After state controlled AREVA SA (EPA:CEI), the world's largest uranium miner, announced last week it would take a 400 million euros (US$491mn) charge due to cost overruns at its Finnish nuclear plant project, Standard & Poor's Monday downgraded the company to a ‘BBB+' rating, citing continued weakened profitability.
In an analysis published Monday, S&P Credit Analysts Sophia Dedemadis and Karl Nietvelt noted, "Depressed profitability at France-based nuclear services provider AREVA is being further strained by the recently announced additional provision of €400 million (US$491mn) for the OL-3 [Olkiluoto-3] Finnish reactor."
"We also think that profitability could deteriorate as a result of the dispute with Electricité de France regarding the commercial agreement with AREVA's Georges Besse nuclear enrichment plant (GB-I)," S&P advised.
"We are therefore lowering the long and short-term credit ratings on AREVA to ‘BBB+/A-2' from ‘A/A-1" and removing them from credit watch," the analysts said. However, they added, "The stable outlook reflects our view that AREVA is likely to be able to successfully execute the remaining asset disposal program and proposed capital increase, thus strengthening its balance sheet."
In their analysis, S&P contend AREVA's profitability "will continue to be depressed over the next couple of years."
"In our view, AREVA's fair business risk profile is negatively impacted by the company's currently low profitability and project executive risks, including OL-3 [The Finnish nuclear plant project]," the analysts advised. ‘Based on the company's own estimates, the operating margin for the first half of 2010 will only be 4% excluding the OL-3 provision, In 2009, AREVA's reported operating income was just €97 million."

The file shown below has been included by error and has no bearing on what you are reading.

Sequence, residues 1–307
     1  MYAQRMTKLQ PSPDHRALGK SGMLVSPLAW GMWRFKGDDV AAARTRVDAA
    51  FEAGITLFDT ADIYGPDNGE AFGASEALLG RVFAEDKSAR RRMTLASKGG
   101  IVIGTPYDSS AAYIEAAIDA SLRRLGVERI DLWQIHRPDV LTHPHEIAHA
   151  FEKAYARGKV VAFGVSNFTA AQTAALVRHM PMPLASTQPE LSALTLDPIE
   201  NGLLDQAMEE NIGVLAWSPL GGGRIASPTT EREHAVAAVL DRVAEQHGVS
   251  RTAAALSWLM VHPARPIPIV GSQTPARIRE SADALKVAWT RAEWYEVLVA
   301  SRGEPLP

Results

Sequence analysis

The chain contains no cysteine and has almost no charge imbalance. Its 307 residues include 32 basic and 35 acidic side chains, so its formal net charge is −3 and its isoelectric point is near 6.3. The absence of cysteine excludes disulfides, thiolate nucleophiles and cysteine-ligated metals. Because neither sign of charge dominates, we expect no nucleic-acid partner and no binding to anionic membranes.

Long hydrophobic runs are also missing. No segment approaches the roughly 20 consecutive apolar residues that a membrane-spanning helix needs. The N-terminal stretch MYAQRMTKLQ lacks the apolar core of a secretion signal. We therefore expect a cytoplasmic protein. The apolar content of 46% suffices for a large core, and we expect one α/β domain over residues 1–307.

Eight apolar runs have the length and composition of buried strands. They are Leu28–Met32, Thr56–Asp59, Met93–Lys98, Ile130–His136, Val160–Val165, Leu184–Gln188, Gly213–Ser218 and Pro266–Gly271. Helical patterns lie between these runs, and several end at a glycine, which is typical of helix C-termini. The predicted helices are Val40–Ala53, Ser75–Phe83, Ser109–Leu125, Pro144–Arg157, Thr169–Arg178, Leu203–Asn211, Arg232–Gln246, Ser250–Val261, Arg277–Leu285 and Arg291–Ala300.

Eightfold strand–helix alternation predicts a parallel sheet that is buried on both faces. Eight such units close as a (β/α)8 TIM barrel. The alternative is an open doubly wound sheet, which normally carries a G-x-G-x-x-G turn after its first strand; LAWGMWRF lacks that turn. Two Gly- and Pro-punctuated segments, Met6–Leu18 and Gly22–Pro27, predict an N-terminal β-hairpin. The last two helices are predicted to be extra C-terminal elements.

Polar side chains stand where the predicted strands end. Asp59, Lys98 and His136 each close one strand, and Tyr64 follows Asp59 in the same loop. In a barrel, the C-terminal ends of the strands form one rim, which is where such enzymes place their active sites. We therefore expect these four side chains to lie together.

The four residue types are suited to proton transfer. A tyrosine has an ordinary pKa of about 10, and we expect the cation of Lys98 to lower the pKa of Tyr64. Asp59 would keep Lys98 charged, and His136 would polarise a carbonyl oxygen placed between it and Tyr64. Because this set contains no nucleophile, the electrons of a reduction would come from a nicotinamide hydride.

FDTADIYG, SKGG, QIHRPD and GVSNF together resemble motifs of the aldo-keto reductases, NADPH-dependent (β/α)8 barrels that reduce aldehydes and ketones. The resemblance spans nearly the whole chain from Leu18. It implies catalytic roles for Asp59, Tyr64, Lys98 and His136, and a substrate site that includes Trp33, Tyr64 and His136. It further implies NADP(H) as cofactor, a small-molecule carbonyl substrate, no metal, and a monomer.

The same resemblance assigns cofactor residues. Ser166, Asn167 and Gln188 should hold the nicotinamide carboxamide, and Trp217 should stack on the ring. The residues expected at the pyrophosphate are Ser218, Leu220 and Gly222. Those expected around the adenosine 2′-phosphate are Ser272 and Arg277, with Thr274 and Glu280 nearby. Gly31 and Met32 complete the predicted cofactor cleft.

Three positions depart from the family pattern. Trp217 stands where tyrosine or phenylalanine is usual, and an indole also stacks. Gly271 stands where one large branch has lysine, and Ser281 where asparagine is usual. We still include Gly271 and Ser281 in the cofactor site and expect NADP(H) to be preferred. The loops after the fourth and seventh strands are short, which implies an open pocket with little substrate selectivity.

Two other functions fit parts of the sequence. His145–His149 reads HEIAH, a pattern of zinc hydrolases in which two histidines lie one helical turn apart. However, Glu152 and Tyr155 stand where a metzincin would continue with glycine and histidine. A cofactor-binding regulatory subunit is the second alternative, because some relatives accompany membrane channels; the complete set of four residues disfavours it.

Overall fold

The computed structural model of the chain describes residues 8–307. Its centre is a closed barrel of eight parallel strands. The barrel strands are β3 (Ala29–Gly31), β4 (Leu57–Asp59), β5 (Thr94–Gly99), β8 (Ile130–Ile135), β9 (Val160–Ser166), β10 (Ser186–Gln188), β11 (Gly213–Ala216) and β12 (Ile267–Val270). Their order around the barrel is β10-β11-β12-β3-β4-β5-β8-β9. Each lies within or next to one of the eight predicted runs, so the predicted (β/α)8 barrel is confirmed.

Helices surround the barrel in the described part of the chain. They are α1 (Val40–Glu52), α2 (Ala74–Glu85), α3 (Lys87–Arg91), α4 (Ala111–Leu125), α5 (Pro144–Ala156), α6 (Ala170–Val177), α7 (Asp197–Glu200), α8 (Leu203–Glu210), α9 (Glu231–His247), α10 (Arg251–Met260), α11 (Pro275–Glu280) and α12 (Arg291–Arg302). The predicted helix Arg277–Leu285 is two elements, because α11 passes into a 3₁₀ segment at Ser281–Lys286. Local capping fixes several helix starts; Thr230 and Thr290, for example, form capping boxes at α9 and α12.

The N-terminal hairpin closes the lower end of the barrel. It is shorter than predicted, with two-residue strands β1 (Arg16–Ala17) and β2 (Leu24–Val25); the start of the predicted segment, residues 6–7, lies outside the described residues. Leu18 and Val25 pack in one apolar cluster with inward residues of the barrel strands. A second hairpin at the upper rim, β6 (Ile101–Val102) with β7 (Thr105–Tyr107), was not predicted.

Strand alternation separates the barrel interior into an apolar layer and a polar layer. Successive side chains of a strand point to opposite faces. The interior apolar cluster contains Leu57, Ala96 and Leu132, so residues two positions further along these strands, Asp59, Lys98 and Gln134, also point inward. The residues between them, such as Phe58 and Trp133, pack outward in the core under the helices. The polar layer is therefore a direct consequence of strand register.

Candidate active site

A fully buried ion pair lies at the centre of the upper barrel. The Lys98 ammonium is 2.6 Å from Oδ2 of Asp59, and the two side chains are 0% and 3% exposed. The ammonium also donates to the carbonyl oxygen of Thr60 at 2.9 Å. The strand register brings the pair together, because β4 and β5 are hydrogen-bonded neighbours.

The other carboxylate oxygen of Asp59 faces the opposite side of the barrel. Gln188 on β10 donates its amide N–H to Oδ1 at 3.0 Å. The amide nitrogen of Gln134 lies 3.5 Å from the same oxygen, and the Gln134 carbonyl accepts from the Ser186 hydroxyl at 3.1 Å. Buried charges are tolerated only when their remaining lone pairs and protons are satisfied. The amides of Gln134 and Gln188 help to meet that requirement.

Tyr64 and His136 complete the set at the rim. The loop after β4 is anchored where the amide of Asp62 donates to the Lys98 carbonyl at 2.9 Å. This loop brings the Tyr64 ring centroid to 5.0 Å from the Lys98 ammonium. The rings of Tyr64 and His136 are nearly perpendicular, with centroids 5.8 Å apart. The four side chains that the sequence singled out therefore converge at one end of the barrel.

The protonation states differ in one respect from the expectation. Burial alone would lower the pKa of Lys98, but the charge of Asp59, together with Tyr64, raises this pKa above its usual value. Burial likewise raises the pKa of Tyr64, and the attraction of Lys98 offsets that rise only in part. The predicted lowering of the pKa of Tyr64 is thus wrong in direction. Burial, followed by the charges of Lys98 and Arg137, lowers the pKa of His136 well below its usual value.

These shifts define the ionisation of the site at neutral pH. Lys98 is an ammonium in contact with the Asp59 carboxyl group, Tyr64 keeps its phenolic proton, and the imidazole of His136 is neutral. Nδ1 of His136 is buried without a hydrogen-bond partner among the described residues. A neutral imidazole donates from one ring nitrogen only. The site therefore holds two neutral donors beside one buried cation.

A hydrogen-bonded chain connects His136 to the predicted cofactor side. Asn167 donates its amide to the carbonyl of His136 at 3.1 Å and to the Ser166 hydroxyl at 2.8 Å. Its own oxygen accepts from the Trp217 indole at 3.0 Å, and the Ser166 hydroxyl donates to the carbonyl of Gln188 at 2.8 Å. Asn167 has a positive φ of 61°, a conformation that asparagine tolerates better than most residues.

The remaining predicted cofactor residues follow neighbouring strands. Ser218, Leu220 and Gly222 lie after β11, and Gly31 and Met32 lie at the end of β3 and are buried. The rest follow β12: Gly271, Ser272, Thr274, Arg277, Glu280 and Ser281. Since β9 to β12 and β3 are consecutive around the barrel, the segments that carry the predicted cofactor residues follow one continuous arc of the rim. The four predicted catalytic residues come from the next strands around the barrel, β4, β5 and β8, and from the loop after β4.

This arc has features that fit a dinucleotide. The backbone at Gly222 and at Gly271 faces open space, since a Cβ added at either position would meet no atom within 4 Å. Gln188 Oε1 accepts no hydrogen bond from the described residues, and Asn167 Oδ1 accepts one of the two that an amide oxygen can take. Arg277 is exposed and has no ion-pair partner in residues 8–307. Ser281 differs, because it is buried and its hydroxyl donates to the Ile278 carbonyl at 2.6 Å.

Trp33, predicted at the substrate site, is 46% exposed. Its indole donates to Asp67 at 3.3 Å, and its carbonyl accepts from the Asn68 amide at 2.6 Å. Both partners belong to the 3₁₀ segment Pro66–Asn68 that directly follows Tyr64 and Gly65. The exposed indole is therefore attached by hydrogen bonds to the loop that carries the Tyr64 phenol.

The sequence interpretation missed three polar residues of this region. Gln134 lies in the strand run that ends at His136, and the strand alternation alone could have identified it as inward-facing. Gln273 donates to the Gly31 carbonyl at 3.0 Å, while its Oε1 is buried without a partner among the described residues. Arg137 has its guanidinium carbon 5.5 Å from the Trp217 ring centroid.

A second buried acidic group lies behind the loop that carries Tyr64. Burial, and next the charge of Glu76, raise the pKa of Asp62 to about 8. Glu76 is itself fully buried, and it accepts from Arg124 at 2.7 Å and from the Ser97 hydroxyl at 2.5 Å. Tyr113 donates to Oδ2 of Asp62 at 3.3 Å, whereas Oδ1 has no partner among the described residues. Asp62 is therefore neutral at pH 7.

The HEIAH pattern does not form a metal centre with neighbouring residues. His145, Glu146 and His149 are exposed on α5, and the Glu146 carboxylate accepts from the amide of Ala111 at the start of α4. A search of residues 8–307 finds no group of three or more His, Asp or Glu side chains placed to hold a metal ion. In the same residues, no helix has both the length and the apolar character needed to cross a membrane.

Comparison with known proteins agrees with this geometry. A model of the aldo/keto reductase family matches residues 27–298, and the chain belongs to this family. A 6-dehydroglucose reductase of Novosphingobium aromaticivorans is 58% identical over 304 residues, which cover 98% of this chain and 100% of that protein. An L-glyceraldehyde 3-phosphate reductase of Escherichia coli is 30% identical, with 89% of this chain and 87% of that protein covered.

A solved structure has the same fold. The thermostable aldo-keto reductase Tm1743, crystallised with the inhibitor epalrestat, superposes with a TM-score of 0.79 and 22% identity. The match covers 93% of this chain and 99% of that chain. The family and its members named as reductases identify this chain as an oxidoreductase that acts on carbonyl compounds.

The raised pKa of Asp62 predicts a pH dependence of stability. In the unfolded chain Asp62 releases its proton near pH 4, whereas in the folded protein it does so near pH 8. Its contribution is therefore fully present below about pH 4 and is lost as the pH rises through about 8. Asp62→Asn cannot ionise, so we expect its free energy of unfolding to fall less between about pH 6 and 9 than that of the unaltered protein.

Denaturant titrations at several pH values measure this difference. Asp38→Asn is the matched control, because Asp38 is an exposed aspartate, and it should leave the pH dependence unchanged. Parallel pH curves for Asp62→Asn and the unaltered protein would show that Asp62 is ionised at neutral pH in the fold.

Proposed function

The analysts also noted the state-owned company's operating performance "continues to be severely affected by cost overruns related to the OL-3 project (€2.7 billion as of June 2010)." Originally AREVA said it could build the Finnish nuclear plant for €3.2 billion (US$3.9bn) and be finished in 2009. Finnish client Teolisuuden Voima Oyj said the plant will start operations at the end of 2012 rather than the previous June 2012 deadline.
"Furthermore we anticipate that AREVA will incur some additional costs as a result of the dispute with Electricité de France S.A. regarding the offtake until 2012 from the Georges Besse nuclear enrichment plant (GB-I)," they added.
"We note that in response to the delays and profitability pressures, AREVA has undertaken several cost-cutting initiatives as well as reducing, to an extent, its capital expenditures up to 2012." AREVA and its state-owned parent, Commissariat à l'Energie Atomique (CEA) estimates they could raise as much as €4 billion to €5 billion by financial year-end 2010. The two are trying to convince Mitsubishi Heavy Industries and the sovereign wealth funds of Kuwait and Qatar to buy new AREVA shares.
AREVA also has a large, long-term order backlog that is estimated at more than €43 billion (US$53bn) and significant cash flow benefits from new projects which are anticipated to occur from 2012 onward. S&P also suggested the French government "would provide timely and sufficient extraordinary support to AREVA in the event of financial distress."
Courtest of Mineweb.com